And now for my two favourites - pomegranate-vanilla macaronswith chocolate ganache by Claudia and vanilla-chamomile cremeux by Camilla. Firstly, hats off to Claudia for making macarons! Dark chocolate ganache is my favourite macaron filling, cuts perfectly through their sweetness and pomegranate is a great, unique flavour idea, I'm jealous I didn't think of it myself! I can just imagine the gorgeous pink and brown delights in the glass cabinet at Lillian's. A creation Grace and Gigi would be proud of. And finally, the vanilla-chamomile cremeux. I loved the simplicity of this recipe with the addition of chamomile and topped with some thyme. It was the recipe I most wanted to make and could imagine Grace cooking it with Faith at her side, wearing a tiny apron and dipping her fingers into the cremeux. To me, the macaron and cremeux recipes would be Grace's favourites and somehow represented her life and her future. For that reason these are my two winners and I'd love to send Claudia and Camilla a little New Zealand food-themed prize if they would like to send me their addresses.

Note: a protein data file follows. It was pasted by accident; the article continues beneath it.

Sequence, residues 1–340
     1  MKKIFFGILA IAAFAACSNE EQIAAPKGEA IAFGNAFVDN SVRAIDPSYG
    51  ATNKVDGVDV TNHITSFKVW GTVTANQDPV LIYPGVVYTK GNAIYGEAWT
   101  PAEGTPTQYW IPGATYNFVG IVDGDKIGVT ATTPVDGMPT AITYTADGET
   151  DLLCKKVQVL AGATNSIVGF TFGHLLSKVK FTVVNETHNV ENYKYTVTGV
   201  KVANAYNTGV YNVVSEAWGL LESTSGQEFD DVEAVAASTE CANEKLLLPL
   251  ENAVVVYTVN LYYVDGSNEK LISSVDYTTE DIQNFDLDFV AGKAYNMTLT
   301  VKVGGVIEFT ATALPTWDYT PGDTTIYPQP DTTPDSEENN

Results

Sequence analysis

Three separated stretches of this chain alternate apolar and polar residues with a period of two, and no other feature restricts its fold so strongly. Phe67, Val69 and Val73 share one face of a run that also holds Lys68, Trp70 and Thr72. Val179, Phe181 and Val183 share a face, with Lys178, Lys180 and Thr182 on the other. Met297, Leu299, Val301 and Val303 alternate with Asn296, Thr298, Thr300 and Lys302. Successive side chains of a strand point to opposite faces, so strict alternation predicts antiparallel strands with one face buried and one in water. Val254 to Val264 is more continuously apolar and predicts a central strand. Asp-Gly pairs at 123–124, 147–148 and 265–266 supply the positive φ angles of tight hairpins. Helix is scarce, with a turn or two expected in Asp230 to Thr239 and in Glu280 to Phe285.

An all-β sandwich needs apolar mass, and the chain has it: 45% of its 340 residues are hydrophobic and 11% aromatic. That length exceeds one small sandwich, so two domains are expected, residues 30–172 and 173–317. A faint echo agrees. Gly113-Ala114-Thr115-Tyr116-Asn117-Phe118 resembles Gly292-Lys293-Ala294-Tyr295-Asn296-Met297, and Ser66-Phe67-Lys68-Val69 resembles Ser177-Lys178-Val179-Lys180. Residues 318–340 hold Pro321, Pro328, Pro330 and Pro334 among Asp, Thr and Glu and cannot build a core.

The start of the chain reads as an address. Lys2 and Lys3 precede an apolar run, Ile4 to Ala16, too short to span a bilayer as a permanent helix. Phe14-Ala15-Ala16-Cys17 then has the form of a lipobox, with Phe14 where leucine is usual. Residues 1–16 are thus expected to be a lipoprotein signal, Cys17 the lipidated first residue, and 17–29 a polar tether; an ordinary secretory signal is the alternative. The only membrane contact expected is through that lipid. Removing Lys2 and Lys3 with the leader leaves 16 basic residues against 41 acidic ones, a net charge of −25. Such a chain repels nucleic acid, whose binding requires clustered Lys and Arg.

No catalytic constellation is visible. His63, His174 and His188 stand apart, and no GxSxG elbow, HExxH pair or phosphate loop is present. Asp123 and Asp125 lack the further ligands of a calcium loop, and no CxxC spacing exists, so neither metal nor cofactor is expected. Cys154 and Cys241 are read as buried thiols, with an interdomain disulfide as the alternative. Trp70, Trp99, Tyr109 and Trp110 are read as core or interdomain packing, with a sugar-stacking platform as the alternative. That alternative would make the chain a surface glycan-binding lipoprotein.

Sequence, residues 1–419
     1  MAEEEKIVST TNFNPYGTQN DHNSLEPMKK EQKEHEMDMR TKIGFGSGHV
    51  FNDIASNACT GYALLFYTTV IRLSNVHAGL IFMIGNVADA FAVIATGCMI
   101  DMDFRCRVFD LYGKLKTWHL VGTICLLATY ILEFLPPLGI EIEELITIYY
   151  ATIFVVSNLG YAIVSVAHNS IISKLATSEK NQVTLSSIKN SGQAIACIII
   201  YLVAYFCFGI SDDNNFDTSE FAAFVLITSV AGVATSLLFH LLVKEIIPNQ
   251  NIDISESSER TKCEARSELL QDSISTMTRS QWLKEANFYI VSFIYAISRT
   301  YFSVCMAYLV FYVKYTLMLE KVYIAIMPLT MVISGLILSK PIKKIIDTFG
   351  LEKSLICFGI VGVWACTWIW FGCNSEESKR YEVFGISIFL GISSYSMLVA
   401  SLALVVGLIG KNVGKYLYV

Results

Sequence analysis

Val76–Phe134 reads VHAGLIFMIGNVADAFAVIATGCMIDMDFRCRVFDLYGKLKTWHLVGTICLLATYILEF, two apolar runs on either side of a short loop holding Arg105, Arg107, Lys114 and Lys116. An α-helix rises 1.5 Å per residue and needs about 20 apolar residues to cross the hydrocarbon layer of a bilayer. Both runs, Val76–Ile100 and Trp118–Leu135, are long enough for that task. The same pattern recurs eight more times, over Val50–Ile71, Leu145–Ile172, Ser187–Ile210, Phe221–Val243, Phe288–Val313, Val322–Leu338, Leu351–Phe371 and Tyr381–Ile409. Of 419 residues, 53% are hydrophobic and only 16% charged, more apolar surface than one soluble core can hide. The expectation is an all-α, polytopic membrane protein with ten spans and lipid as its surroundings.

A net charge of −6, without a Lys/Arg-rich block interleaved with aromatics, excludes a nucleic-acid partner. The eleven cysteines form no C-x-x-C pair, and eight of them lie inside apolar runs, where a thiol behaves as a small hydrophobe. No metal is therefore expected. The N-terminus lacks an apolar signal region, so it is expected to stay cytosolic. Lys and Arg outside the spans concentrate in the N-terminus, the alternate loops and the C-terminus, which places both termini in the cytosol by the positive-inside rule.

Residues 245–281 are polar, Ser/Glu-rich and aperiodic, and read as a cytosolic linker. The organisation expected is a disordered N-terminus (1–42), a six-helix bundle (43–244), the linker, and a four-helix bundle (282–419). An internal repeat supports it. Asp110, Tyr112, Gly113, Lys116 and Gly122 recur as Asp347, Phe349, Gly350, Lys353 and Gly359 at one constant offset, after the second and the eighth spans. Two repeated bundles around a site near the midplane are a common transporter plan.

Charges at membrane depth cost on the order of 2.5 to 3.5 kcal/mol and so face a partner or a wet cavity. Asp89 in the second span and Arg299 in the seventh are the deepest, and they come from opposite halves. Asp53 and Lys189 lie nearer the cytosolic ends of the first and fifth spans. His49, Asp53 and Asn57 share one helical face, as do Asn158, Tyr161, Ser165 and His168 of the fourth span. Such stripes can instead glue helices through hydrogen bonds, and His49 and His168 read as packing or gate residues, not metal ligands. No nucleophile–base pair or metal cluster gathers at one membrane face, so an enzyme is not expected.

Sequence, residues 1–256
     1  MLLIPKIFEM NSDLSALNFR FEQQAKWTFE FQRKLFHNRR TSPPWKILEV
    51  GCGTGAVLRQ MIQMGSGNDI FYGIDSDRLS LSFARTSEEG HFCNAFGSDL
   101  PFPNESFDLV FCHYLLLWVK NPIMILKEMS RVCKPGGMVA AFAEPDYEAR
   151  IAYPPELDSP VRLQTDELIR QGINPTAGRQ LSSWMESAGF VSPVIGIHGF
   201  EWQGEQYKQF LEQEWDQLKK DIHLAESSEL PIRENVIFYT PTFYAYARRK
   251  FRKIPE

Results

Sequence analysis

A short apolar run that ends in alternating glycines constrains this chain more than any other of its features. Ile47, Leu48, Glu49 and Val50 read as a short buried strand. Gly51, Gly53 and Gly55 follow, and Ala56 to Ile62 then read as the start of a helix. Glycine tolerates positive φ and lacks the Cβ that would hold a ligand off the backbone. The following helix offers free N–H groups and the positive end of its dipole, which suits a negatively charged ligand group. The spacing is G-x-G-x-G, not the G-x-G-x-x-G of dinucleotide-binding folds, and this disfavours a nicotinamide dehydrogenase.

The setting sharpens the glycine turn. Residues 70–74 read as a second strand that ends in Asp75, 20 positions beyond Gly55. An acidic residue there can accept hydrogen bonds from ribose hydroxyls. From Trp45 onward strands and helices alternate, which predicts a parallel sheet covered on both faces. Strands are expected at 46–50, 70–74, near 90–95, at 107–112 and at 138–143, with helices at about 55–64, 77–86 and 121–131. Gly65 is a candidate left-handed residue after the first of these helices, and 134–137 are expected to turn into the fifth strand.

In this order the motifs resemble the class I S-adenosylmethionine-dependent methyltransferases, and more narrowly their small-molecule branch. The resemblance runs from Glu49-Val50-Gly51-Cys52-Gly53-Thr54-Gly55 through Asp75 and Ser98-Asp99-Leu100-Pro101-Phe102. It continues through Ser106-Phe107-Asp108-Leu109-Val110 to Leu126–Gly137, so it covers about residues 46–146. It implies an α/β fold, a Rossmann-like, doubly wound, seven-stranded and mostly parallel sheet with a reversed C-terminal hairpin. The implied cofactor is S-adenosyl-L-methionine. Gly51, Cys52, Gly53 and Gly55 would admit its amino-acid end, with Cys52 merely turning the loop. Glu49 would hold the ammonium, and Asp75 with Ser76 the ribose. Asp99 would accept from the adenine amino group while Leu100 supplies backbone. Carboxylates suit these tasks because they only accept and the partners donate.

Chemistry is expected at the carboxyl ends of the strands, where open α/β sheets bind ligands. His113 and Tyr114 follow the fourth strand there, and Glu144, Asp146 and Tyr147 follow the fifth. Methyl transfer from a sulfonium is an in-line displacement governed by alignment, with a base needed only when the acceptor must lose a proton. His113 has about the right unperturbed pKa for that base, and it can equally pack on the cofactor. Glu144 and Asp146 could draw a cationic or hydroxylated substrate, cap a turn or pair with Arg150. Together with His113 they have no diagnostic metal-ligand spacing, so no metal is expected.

As an aside, I appreciated all the feedback your readers had about The Colour of Tea. I know it is not everyone's style of novel but your readers were gracious in their criticism and genuine and thoughtful with their compliments. I laughed when I read that your readers were frustrated with Grace...I was too! Lol! But that's her - flawed and somewhat obsessive but ultimately looking for love and purpose just like the rest of us. I hope your readers grew to like her like a friend as I did. Regarding the model on the cover, I'm afraid I don't have much of a say in cover design but yes, the model is not a red-head and that amused / confused me too, although I think the overall design is lovely. If there are any other questions or feedback please let you readers know that I love being contacted and have contact forms on websites www.forkandfiction.com and www.hannahtunnicliffe.com.

A huge big thank you for organising, Deb, and involving me (and The Colour of Tea) in Cook the Books! Let me know if I can help out in any other way;

Very best wishes,
 Hannah

Woohoo. I'm so excited about the New Zealand food-themed prize that'll be headed my way. In the meantime, we're reading M.F.K. Fisher's How to Cook a Wolf next. Join us!

Comments

Post a Comment

Popular posts from this blog

Quick Pickled Red Onions and Radishes